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De sacris autem hæc sit una sententia, ut conscruentur.-CIC. DE LEG.

But let us all concur in this one sentiment, that things sacred be in violate.

HE lives, who lives to God alone,

And all are dead beside;
For other source than God is none

Whence life can be supplied.
To live to God is to requite

His love as best we may ;
To make his precepts our delight,

His promises our stay.
But life, within a narrow ring

Of giddy.joys comprised,
Is falsely named, and no such thing,

But rather death disguised.
Can life in them deserve the name,

Who only live to prove
For what poor toys they can disclaim

An endless life above?
Who, much diseased, yet nothing seel;

Much menaced, nothing dread ;
Have wounds, which only God can heal,

Yet never ask his aid?

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Who deem his house a useless place,

Faith, want of common sense;
And ardour in the Christian race,

A hypocrite's pretence ?
Who trample order; and the day,

Which God asserts his own,
Dishonour with unhallow'd play,

And worship chance alone?
If scorn of God's commands, impressid

On word and deed, imply
The better part of man unbless'd

With life that cannot die;
Such want it, and that want, uncured

Till man resigns his breath,
Speaks him a criminal, assured

Of everlasting death.
Sad period to a pleasant course!

Yet so will God repay
Sabbaths profaned without remorse,

And mercy cast away.




PAUSE here, and think: a monitory rhyme
Demands one moment of thy fleeting time.

Consult life's silent clock, thy bounding vein ;
Seems it to say-Health here has long to reign ?"
Hast thou the vigour of thy youth ? an eye
That beams delight? a heart untaught to sigh?
Yet fear. Youth, oft-times healthful and at ease,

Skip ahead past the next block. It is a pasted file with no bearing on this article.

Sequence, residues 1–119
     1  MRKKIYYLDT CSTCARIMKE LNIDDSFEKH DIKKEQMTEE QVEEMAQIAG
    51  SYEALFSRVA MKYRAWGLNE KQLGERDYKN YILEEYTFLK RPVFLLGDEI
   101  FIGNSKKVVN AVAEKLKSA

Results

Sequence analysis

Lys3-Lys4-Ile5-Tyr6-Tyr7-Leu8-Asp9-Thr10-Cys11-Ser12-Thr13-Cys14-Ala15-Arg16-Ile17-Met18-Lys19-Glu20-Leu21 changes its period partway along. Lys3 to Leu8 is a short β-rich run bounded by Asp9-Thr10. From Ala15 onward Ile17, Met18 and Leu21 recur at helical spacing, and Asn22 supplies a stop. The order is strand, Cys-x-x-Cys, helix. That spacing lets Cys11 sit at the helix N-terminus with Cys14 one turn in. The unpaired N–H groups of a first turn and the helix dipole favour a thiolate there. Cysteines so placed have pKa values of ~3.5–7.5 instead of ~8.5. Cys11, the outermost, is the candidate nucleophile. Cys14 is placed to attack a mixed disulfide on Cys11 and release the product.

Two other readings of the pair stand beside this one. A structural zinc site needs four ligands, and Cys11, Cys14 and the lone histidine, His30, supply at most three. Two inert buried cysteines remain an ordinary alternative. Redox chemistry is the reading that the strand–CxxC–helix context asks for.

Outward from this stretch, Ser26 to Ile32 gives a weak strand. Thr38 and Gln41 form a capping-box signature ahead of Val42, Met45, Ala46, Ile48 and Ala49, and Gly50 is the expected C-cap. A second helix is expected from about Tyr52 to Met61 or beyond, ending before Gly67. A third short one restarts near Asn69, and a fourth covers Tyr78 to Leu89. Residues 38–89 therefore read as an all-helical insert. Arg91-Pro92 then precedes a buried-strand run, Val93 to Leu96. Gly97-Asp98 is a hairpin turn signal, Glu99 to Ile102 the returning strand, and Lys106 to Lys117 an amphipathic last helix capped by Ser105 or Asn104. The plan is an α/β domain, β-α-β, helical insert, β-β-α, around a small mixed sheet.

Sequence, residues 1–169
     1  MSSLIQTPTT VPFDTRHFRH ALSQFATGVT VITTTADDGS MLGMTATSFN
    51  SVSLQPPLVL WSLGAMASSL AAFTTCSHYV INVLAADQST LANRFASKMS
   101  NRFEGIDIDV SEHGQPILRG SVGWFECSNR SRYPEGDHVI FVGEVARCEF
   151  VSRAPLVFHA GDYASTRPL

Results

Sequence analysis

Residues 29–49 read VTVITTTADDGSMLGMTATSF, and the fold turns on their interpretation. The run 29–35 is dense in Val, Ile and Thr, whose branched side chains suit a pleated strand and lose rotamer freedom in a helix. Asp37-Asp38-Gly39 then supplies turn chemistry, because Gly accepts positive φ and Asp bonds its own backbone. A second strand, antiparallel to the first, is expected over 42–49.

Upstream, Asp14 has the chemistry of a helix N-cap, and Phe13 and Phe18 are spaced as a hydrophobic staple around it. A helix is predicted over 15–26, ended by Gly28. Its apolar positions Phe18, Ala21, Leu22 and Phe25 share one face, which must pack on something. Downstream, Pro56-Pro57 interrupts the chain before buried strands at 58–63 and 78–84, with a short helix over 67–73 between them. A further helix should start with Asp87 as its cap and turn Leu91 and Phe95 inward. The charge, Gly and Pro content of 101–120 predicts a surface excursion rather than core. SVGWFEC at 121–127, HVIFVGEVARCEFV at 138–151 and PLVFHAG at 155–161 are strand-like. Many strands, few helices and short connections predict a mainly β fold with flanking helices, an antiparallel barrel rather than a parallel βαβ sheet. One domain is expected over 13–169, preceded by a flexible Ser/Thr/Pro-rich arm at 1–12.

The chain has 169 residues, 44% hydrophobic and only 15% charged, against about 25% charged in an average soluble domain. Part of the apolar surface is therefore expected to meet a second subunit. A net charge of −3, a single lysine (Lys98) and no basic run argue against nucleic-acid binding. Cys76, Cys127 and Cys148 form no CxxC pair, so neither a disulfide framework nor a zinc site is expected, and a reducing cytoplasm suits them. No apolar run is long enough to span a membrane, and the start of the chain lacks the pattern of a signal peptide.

Anticipates a day it never sees;
And many a tomb, like Hamilton's, aloud
Exclaims, • Prepare thee for an early shroud.'


HERE lies, whom hound did ne'er pursue,

Nor swifter greyhound follow, Whose foot ne'er tainted morning dew,

Nor ear heard huntsman's hallo', Old Tiney, surliest of his kind,

Who, nursed with tender care,
And to domestic bounds confined,

Was still a wild Jack-hare.
Though duly from my hand he took

His pittance every night,
He did it with a jealous look,

And, when he could, would bite. His diet was of wheaten bread,

And milk, and oats, and straw; Thistles, or lettuces instead,

With sand to scour his maw.
On twigs of hawthorn he regaled,

On pippins' russet peel,
And, when his juicy salads fail'd,

Sliced carrot pleased him well.
A Turkey carpet was his lawn,

Whereon he loved to bound,
To skip and gambol like a fawn,

And swing his rump around.
His frisking was at evening hours,

For then he lost his fear,
But most before approaching showers,

Or when a storm drew near.

Eight years and five round-rolling moons

He thus saw steal away, Dozing out all his idle noons,

And every night at play.

I kept him for his humour's sake,

For he would oft beguile My heart of thoughts, that made it ache,

And force me to a smile.

But now beneath his walnut shade

He finds his long last home,
And waits, in snug concealment laid,

Till gentler Puss shall come.

He, still more aged, feels the shocks,

From which no care can save, And, partner once of Tiney's box,

Must soon partake his grave.


Hic etiam jacet,
Qui totum novennium vixit,

Siste paulisper,
Qui præteriturus es,
Et tecum sic reputa:
Hunc neque canis venaticus,
Nec plumbum missile,

Nec laques,
Nec imbres nimii,

Tamen mortuus est

Et moriar ego.

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